Dewey Howard, a “Love & Logic” expert and recovering “drill sergeant dad”, and his wife Angela, a recovering “helicopter mom”, have successfully raised 3 kids using the “Love and Logic” parenting method. He now shares his advice in his very popular classes and on our blog-azine.
Jim Fay, one of the authors of Love and Logic Parenting, says, “A child who knows his problems are the concern of another concerns himself with none of his problems.” He goes on to call this the “no-sense-in-both-of-us-worrying-about-it” syndrome.
Parents who take on their child’s problems do a great disservice by robbing the child of a chance to grow through personal problem solving. Effective problem solving is essential for a child to learn responsibility and to have a healthy self esteem.
Allowing children to solve their own problems presumes an implicit, basic trust that their behavior will change as they learn from their experiences. Love and Logic parents want their children to develop an attitude that says, “I can find solutions to my problems.”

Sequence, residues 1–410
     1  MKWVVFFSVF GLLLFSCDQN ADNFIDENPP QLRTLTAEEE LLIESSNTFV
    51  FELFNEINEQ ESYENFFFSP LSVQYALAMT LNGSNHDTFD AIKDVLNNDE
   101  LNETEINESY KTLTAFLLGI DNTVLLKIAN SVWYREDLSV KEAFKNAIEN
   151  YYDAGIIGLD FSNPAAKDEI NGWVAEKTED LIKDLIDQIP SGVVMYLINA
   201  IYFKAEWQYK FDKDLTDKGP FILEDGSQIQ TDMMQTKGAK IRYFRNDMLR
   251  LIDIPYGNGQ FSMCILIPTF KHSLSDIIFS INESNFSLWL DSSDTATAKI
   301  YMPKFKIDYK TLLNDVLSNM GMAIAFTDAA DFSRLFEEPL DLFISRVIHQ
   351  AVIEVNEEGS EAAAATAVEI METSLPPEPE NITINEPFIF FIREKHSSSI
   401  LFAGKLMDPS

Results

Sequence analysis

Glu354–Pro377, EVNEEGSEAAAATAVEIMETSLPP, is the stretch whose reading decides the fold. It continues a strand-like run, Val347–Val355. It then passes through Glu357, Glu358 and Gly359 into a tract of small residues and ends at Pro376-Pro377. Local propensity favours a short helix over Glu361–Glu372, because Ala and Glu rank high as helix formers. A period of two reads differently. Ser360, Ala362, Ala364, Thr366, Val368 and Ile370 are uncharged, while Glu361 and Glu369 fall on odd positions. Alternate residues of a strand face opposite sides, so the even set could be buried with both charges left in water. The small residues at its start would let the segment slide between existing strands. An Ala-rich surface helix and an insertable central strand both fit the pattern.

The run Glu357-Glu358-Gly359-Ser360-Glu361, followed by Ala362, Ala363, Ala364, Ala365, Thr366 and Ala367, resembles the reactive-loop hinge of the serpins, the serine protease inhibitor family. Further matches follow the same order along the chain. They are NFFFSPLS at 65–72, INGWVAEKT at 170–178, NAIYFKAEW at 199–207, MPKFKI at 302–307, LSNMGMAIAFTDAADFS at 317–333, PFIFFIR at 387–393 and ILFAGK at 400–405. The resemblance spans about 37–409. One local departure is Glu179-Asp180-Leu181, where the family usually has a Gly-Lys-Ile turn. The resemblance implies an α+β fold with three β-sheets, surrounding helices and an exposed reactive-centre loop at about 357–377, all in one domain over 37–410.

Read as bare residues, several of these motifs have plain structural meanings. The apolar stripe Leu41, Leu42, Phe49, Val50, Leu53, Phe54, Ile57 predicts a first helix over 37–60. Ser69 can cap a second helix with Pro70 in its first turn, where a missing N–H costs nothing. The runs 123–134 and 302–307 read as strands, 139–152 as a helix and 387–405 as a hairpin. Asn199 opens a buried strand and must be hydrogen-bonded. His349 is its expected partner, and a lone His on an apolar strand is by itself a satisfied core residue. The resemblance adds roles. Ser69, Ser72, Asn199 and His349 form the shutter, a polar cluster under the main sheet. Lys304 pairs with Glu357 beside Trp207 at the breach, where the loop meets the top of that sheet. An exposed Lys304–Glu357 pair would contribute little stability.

Remember, the best solution always comes from the person who owns the problem. Next time your child comes in with a problem, try this approach as a way of helping him learn how to cope with and overcome the difficulties of life.
Step 1: Express empathy. “That’s a bummer. I got to be hard having a problem like that.”
Step 2: Send a “Power Message.” “What do you think you’re going to do about it?” (Express your belief that your child can solve problems in life.)
Step 3: Offer choices. “Would you like to hear what other kids have tried?”
Step 4: Check for consequences: “How do think that will work?”
Step 5: Give permission for your child to either solve the problem or not solve the problem. “Good luck. I hope it works out for you.”
Don’t worry. You’re going to be at his side to support and guide him through whatever solution he picks, even if it doesn’t work out. And he will learn some valuable life lessons along the way.